Steering Wheel Hard to Turn (Causes & Solution)

Is your steering wheel hard to turn? Are you noticing some stiffness and you’re wondering what could be the cause, how to fix it, and prevent it from happening again?

A vehicle’s steering system plays a very important role, in the car’s control mechanism. It gives the car driver control over the direction, in which they’re driving.

If your steering system is not functional, it will cause you to have all types of issues. More importantly, your vehicle will be unsafe for you and everyone else on the road.

This article will explain the major reasons that your steering wheel can be hard to turn, how this issue can be fixed, and how you can prevent the problem from happening.

Let’s get started!

The Steering Wheel Hard to Turn: Here are the Top Reasons

The most common causes of a stiff steering wheel, are some components’ normal wear and tear, and skipping scheduled servicing.

Therefore, the best way to prevent this is to ensure regular maintenance. You may find yourself having a stuck steering wheel while driving on a very busy road, and there will be no immediate solution.

Below are some reasons, why the steering wheel may be getting harder to turn.

1. Fluid Leakage or Low Power Steering Fluid 

The power steering system needs adequate power steering fluid to function. Your steering system requires an adequate quantity of a specific fluid, called the power steering fluid, to function properly. Power is transmitted to the vehicle’s steering mechanism, from your steering wheel through this fluid, for your wheels to turn. The fluid also acts as a lubricant, to protect the system’s moving components from corrosion and overheating.

If there is insufficient steering fluid in a system, the steering wheel will be difficult to turn. This commonly happens, when fluid leaks from a fissure in the hose area under pressure, if this pressurized area becomes loose.

The fluid will leak through the crack, reducing pressure in your system. Your power steering pump will thus, have to work much harder to compensate for the reduction in pressure. Due to this, the vehicle’s steering wheel won’t get enough fluid to let it turn without resistance, and more force will need to be exerted than usual.

A temporary fix for the issue would be to refill the fluid in your power steering tank. This will make the vehicle temporarily drive-able, but the fluid leak must eventually be addressed. Otherwise, the power steering pump will eventually fail, and replacing this pump can be expensive.

2. Damaged Steering Rack

A vehicle’s steering rack consists of the rack and the pinion. Your steering rack is attached to your steering wheel, by a series of shafts and U-joints. Driving your car for a long period will eventually make your steering rack wear out and damage.

You’ll know this is the case if the steering wheel feels tight or stiff only after you start your car. As your engine continues running and starts to warm up, there’ll be an increase in temperature in your steering rack, which will make the lubricant circulate better.

Therefore, as your car continues running, your steering wheel becomes less tight. However, you will still need to replace your steering rack, before the issue escalates.

The cost of replacing the steering rack is between $650 and $1,200, with the parts costing about $350 to $830, and the labor costing about $280 to $360. The cost of parts varies, depending on your vehicle’s particular model and make.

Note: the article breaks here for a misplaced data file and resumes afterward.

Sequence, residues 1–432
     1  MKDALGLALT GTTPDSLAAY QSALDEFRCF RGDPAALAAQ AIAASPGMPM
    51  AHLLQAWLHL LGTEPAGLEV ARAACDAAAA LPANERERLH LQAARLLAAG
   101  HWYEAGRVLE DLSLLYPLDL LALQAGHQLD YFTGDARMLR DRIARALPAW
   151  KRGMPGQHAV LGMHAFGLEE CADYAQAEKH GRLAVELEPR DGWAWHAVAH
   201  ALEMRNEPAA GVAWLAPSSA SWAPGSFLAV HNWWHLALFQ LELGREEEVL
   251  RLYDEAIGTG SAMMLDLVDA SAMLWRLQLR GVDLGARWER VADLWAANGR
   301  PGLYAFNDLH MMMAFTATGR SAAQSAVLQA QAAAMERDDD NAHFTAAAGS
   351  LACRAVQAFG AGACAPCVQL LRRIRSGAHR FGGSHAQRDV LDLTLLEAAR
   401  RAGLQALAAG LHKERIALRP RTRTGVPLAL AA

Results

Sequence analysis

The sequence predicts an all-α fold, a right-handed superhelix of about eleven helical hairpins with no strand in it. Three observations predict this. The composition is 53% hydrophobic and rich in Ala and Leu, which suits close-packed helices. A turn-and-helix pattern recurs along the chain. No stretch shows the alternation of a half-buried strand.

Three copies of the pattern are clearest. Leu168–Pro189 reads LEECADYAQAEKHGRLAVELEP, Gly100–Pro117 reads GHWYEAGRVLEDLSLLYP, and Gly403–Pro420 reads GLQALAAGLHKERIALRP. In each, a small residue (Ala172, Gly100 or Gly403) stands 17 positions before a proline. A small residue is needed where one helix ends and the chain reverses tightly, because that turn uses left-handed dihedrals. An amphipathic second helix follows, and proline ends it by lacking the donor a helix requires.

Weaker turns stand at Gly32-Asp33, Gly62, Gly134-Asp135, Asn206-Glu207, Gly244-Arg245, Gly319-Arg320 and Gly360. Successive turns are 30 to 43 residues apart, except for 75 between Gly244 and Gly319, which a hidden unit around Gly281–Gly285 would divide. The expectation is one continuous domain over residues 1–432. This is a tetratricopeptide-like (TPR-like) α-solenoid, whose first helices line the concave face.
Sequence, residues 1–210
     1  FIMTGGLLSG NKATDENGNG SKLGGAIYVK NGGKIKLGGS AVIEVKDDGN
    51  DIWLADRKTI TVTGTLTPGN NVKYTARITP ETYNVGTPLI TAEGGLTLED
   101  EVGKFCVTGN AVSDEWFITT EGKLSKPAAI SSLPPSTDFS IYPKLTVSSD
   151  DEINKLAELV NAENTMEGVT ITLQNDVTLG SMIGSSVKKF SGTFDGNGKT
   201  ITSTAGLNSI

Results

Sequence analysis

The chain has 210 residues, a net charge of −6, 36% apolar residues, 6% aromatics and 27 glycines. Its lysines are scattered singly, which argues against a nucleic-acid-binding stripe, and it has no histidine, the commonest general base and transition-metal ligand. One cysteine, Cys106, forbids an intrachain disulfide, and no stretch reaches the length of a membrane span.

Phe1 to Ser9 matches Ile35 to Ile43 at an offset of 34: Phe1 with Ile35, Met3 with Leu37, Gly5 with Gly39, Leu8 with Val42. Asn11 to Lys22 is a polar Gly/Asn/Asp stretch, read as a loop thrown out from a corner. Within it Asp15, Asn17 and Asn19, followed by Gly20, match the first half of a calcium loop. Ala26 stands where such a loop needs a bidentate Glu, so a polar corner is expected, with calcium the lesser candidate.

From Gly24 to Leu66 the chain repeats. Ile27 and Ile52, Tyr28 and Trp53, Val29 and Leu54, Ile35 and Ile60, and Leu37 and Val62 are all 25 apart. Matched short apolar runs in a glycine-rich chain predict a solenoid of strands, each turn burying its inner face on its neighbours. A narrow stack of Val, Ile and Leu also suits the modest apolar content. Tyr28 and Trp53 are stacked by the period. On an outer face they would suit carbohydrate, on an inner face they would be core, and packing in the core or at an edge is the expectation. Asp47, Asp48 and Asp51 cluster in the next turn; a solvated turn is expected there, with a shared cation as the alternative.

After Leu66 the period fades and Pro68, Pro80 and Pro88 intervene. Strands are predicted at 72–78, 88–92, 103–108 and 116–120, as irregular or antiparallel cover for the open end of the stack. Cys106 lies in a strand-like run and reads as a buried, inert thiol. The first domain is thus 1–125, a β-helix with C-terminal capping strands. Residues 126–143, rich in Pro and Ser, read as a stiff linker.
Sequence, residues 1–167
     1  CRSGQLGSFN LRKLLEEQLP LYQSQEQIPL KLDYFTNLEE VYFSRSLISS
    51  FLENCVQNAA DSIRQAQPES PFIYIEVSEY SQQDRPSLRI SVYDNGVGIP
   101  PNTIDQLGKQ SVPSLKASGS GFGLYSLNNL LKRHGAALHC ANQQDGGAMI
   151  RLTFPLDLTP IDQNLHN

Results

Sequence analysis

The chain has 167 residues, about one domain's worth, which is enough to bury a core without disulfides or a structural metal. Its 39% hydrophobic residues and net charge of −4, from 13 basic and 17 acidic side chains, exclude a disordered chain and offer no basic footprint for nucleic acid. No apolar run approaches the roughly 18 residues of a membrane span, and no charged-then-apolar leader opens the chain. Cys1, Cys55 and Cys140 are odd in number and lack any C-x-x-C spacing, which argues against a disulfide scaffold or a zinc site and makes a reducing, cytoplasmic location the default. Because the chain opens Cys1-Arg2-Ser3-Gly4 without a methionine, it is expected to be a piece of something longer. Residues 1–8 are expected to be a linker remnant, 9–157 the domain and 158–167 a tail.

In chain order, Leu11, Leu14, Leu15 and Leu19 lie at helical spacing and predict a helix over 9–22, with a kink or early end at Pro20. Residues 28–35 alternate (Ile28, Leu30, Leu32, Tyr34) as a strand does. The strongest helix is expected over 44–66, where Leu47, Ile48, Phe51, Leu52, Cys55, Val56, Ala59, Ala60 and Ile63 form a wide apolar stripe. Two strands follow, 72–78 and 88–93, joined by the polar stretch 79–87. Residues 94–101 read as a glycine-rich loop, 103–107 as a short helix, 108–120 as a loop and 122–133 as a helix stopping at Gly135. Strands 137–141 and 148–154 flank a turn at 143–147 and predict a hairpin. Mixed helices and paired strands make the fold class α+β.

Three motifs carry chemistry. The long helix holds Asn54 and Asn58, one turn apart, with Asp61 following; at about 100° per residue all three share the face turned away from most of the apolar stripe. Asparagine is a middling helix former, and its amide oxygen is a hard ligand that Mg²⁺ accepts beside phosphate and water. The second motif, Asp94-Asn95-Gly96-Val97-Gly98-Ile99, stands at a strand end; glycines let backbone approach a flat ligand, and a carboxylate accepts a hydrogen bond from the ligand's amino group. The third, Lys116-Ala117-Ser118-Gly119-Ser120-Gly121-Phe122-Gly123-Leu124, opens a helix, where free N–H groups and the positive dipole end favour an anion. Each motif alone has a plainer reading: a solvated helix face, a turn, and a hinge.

Also Read: Transmission Fluid Leak 

3. Bad Serpentine Belt

A broken or cracked serpentine belt is another common reason your steering wheel is difficult to turn. This belt plays many important roles in the engine, which include operating the power steering pump. Over time, the belt gets worn with age because it’s always functioning when you’re driving the vehicle.

As the belt frays, becomes loose, and cracks, there will be signs of stiffness in your steering wheel. If you delay the replacement or repair, the belt will break, and your steering wheel will go kaput.

If you have a broken or loose serpentine belt, the other components relying on the belt will stop working, like the alternator, water pump, and AC compressor. A broken belt can also damage the pulley, making the car overheat, which is very detrimental to the vehicle.

Replacing the serpentine belt will have an average cost ranging from $110 to $130, with the parts typically costing about $60, while the labor cost about $50 to $70.

4. Faulty Power Steering Pump

Two major parts make up a power steering system: the pinion-and-rack unit and the power steering pump. The power steering pump transfers the power steering fluid, to the pinion and rack unit. When the steering wheel is turned, the system’s control valve lets fluid flow to the pinion, letting you turn the steering wheel without much physical exertion.

The pinion moves against your steering rack as the steering wheel turns, which guides the wheels toward the direction you’re navigating.

Also, the steering pump plays a major role in maintaining an optimum pressure level, in the steering system to ensure that your steering wheel turns smoothly, without exerting much force. If the steering pump malfunctions, the steering system’s “power” part will also fail, and your steering wheel will be difficult to turn.

Although a faulty pump won’t completely lock the steering wheel, it will need a lot more force, which could be risky when you have to turn sharply in a critical situation.

The power steering pump can last for over a thousand miles, even though it can fail prematurely sometimes. Before it fails, a malfunctioning steering pump often makes a groaning or whining noise, especially when navigating a sharp bend. Since a belt drives the pump, as the RPMs of the engine increase, the sound will get louder and be more excessive.